Do you have another invoice with a 25,000 SN in the 50/60s? It looks like you are bang on for the ones listed in this thread.
     
  14. Graham

    Graham Enthusiastic about Wooden Canoes

    I suspect it's more likely that they didn't start at serial number one, and I recall that they started stamping stems when Richardson sent Birch to Fredericton in 1954. It would be interesting to see a bill of sale before that date to see if a serial number was referenced. As much as I'd like to see one, I have a feeling they didn't exist. None of my earlier Chestnut have any markings, as much as I wish they did.
     
  15. Graham

    Graham Enthusiastic about Wooden Canoes

    Now that I think of it, does the the serial number on the bill match the stem number ? Because you're right, it does say serial number, while the canoe markings were generally accepted as batch numbers ...
     
  16. Benson Gray

    Benson Gray Canoe History Enthusiast Staff Member

    No, but samb said "I think mine is 25255. Nick Denis has 25250 and reckons his is late 50s, early 60s." in response number ten here.


    I agree, Kennebec started with serial number 1001 in January of 1910 and Joe Seliga started with number 100 in 1938. E. M. White started building canoes in 1889 but serial numbers didn't appear on them until 1946 when he sold the company. B. N. Morris started making canoes in the late 1800s but doesn't appear to have started numbering them until the early 1900s. The lowest confirmed Old Town serial number is 201 which is probably from 1901. Their build records only go back to 1905. Carleton canoes had serial numbers when Old Town purchased their factory in 1910 but nothing is known about when these started. Many canoes from the Charles River area and a variety of other builders have serial numbers but very little is known about them.

    Therefore, it is highly likely that Chestnut didn't start using serial numbers in the early 1900s and that they didn't begin with number one. The Chestnut with the lowest serial number that I recall from this forum is 7228 as shown at https://www.wcha.org/forums/index.php?threads/16300/ which was thought to be from the 1950s or 1960s. Does anyone have a better guess of when they started and what their first serial number was?

    Benson
     
    Last edited: May 15, 2020
  17. Andre Cloutier

    Andre Cloutier Firestarter. Wicked Firestarter.

    Nice conjecture, some sense of Canadian manufacturers' dates are sorely needed, however it seems this is never to be. I think its safe to say there may never have been a concerted effort to itemize dates and construction details much as Old Town and others have, and we have to content ourselves with approximates and broad 'eras' based on details. Not to damn any attempts, but for what its worth none of my prefire boats have any markings, and indeed scores of boats of all eras ive both worked on and observed didnt either. Perhaps a company ledger would provide insight but it seems that whatever records were kept, they werent duplicated on individual products.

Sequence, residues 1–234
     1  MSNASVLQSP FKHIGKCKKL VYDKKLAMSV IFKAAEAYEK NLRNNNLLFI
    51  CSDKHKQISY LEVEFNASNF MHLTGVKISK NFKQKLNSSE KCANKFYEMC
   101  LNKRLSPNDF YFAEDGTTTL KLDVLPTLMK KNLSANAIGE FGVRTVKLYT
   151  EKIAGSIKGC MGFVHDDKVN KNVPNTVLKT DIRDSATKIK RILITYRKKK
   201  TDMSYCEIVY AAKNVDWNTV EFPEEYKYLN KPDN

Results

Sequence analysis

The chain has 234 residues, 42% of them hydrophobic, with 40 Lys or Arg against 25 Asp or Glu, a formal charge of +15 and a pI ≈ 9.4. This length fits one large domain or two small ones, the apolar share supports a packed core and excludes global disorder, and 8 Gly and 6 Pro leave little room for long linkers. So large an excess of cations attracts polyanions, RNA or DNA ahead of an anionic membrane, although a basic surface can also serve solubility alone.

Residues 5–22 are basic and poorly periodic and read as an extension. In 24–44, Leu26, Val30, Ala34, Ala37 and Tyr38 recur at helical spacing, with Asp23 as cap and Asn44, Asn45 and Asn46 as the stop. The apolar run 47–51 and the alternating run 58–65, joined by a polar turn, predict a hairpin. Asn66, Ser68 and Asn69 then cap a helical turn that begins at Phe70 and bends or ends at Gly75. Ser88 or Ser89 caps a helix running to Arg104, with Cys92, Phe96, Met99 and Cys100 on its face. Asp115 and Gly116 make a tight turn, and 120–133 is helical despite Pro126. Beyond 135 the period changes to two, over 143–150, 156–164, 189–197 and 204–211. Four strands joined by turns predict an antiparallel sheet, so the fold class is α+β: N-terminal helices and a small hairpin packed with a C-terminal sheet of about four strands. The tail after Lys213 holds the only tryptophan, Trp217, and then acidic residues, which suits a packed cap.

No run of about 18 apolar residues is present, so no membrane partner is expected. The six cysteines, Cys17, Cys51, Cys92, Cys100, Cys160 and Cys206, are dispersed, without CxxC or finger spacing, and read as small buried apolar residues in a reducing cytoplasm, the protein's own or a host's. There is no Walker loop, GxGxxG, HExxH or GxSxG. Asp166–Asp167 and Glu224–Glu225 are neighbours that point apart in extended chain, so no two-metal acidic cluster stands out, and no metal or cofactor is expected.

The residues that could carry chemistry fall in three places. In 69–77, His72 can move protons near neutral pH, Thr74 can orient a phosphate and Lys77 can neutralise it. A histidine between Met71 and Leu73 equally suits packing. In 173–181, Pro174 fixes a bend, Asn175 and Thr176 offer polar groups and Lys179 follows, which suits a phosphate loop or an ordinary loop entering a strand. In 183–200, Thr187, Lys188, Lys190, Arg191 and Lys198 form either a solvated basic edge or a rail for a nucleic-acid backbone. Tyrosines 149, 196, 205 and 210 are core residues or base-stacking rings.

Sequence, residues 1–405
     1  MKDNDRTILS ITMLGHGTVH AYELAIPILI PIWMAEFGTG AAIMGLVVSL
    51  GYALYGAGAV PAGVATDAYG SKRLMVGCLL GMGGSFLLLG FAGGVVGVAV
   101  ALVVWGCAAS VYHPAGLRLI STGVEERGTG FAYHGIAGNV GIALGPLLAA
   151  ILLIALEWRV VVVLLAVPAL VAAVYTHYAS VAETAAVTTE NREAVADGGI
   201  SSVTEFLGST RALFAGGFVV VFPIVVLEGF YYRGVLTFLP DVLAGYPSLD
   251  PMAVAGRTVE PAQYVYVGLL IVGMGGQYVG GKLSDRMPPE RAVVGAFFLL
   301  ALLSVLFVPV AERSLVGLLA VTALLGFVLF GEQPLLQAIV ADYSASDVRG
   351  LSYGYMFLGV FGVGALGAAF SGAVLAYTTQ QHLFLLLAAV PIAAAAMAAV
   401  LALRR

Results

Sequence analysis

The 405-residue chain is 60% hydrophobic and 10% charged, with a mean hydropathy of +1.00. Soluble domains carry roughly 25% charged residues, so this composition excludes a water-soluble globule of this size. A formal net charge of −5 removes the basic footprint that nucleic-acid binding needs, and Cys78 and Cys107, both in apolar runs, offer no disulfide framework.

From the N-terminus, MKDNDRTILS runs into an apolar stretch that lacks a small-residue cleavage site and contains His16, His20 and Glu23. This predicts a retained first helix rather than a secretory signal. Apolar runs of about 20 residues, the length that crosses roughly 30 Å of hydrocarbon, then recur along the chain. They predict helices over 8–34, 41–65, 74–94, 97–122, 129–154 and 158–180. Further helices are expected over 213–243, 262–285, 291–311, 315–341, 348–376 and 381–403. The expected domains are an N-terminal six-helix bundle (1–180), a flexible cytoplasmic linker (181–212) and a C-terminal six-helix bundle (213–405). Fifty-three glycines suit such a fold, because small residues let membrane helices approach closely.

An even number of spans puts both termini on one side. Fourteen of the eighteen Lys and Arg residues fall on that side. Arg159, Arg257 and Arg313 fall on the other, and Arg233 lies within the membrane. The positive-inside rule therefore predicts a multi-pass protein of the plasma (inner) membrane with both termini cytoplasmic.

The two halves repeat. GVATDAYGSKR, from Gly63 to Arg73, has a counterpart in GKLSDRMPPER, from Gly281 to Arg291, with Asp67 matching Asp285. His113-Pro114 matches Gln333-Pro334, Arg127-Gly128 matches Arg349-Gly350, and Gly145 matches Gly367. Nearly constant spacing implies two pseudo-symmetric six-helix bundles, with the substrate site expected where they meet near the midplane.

18. Pook

    Pook Chestnut Canoe fan

    Graham,

    Yes the s/n on the sales slip is the same number that is stamped on the stem of my Prospector.

    Bruce
     
  19. Blott

    Blott LOVES Wooden Canoes

    The serial number on my Chestnut Playmate is C25 250 From memory I think Sams is C25 280 They were certainly within 30 of each other and are visually identical in size but are clearly of different grades; mine has heart shaped decks whilst Sams are semi circular. When I purchased mine the vendor in Cornwall UK had acquired it from a Canadian friend who bought it with him when he emigrated to the UK in 1960; the Canadian had owned it for "10 years or so" before coming to the UK so I have always assumed 1950. The heart shaped deck on mine is the oddity as that suggests earlier but the general consensus is that it was a "special". If I recall correctly, the late Ken Solway suggested that revering the first two digits gave the year of manufacture but I am not sure........
     
  20. Benson Gray

    Benson Gray Canoe History Enthusiast Staff Member

    Solway's theory from "The Story of the Chestnut Canoe" is shown below. I don't recall any mention of this topic from Roger MacGregor's later and more comprehensive book "When the Chestnut was in Flower" so please correct me if anyone knows of one. Thanks,

    Benson


    Ken-Solway.jpg